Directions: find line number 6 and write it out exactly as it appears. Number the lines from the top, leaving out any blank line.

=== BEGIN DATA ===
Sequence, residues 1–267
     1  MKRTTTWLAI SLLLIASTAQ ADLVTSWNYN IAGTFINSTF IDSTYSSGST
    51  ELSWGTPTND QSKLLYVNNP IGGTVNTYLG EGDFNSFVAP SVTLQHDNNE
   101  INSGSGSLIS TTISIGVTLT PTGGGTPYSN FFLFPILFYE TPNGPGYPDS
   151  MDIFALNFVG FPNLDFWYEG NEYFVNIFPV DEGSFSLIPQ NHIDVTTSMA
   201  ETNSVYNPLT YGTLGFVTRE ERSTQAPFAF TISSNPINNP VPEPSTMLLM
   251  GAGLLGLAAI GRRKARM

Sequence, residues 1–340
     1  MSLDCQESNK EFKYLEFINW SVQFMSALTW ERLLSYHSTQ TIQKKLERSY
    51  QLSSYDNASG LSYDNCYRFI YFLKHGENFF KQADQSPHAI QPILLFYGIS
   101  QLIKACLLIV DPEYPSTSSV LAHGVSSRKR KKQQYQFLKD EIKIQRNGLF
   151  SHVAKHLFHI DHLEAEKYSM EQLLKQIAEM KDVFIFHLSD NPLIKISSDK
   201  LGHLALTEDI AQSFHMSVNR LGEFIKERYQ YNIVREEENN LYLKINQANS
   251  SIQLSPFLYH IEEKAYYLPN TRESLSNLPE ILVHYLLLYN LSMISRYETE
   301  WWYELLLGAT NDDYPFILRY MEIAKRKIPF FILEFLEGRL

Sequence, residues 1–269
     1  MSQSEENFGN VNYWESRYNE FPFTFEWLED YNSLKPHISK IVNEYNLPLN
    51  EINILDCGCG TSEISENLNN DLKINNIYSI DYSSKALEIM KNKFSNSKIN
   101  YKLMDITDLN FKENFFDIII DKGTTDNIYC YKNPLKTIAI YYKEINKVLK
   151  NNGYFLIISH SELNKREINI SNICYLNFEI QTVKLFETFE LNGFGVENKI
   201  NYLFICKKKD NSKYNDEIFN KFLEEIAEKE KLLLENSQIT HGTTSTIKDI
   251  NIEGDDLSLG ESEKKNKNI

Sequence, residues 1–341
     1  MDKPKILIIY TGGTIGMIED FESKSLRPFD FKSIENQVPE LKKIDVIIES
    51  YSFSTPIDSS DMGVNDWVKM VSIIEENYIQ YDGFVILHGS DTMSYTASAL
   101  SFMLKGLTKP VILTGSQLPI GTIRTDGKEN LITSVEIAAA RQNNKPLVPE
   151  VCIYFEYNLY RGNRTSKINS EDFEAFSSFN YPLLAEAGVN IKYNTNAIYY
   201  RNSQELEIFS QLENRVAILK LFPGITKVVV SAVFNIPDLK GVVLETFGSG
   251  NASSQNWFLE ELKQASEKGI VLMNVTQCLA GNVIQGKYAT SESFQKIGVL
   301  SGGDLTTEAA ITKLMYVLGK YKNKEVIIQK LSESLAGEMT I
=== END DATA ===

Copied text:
   201  ETNSVYNPLT YGTLGFVTRE ERSTQAPFAF TISSNPINNP VPEPSTMLLM